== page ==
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UOttawa student federation launches task force to combat rape culture

The Student Federation of the University of Ottawa (SFUO) has launched a task force to fight rape culture on campus.

More than 50 students attended a town hall held by the federation Friday afternoon.

President Anne-Marie Roy, who was recently the victim of a sexually explicit online conversation between four male students, told CFRA it's really up to the students themselves to make a difference.

"In order for us to be effective in tackling rape culture on our campus, we need to have ideas that come from students and basically we want to hear what they think are going to be successful strategies in fighting rape culture on our campus," she said.

In Roy's case, four student leaders handed in their resignation over graphic sexual directed at Roy were made on Facebook.

She said although her case and that of the university's men's hockey team, which was suspended amidst an allegation of sexual assault in Thunder Bay, have been in the spotlight, they're not the only issues at the university.

"I don't think that it's good for us to be focusing on the incidents, because they're not isolated cases," she said. "There's a bigger problem on campus and in society and it's rape culture. I'd rather be talking to students about that and talking with them about tools and different ways that they can challenge rape culture when they see it on campus."

The move comes after the university's administration created its own task force in light of the recent allegations of sexual misconduct.

Students are convinced the SFUO's task force will have more of an impact than the working group created by the administration.

"The students are where it's going to stick because the administration doesn't run our frosh event, it's the students' associations," said Tanner Tallon, a first year student in the Telfer School of Management. "The administration doesn't run what people say in residence. It's the students who control that really, and it's students telling other students how what they're saying negatively affects other people. The students are what needs to do anything. The administration can only be supportive really."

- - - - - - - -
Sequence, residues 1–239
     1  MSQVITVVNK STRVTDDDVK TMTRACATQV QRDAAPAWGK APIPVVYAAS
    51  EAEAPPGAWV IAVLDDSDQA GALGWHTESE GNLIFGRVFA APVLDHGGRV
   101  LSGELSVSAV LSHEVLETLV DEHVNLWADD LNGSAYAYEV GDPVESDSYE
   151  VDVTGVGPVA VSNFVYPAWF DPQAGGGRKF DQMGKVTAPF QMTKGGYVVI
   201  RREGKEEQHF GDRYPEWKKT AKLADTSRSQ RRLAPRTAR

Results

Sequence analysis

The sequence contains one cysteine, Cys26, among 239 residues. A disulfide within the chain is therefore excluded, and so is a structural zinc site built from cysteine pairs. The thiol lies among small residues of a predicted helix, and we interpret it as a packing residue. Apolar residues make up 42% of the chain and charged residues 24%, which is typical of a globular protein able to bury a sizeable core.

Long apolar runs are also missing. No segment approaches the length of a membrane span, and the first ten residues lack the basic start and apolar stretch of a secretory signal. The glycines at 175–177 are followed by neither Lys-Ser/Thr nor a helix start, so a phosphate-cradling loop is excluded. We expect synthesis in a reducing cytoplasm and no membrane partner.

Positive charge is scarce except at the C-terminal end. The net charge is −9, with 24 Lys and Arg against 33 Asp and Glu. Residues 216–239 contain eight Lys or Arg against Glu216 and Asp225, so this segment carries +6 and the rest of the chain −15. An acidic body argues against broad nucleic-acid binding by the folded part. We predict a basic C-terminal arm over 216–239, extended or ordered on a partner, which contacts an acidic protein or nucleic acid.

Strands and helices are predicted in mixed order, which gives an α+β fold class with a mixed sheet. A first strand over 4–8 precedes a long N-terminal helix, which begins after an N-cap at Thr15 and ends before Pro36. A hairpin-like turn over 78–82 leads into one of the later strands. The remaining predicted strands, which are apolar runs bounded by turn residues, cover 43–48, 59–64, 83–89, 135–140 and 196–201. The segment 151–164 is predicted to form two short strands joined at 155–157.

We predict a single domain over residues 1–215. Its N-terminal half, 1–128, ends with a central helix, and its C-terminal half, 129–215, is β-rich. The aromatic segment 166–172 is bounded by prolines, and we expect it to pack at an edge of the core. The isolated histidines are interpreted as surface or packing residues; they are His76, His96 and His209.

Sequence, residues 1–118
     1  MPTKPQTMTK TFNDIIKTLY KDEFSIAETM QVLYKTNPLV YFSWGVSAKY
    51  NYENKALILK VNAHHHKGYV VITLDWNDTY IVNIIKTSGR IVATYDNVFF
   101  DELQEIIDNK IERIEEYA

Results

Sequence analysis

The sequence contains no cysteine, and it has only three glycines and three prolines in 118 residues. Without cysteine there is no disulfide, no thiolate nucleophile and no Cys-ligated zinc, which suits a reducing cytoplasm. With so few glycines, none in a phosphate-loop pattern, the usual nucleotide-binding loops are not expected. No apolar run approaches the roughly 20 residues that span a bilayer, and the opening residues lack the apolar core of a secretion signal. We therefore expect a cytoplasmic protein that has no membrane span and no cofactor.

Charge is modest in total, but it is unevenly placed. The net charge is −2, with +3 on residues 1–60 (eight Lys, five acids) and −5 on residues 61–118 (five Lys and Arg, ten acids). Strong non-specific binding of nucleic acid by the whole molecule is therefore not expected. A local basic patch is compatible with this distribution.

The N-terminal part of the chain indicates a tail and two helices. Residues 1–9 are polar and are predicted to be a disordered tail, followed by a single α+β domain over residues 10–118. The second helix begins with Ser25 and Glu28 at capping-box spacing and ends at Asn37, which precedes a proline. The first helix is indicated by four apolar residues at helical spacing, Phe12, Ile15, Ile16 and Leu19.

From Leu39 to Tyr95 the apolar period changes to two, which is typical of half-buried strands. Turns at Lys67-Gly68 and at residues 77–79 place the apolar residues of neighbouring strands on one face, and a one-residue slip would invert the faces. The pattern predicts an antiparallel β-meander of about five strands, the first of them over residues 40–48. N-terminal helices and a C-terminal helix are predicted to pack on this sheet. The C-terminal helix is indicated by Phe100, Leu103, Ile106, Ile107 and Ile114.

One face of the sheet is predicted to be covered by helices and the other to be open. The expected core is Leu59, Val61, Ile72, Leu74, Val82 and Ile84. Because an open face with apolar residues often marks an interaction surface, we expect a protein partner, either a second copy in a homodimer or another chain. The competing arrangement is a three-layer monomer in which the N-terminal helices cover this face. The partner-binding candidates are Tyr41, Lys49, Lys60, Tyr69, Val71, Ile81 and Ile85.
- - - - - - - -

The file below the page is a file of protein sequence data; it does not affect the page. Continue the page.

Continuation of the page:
Gabrielle, a second year masters degree student in social work agreed.

"I think because we live it every day and we're in it every day, in the trenches if you will, we're better able to maybe understand the problem from our perspective," she said. "Working together we'll be able to hopefully develop an action plan and something that will make sure that we eradicate [rape culture] from the campus."

The town hall held in the Jock Turcot University Centre included a panel discussion and then separate working groups, which were closed to the media.

A second town hall is expected to be held in April.

Thunder Bay Police were in Ottawa last week to interview member of the Gee Gees hockey team. Investigators said several chose not to speak to them - something that could slow their investigation into the alleged sexual assault which took place in that city over the February 1st weekend.

CTV has learned several of the players on the team have hired lawyers. No charges have been laid.

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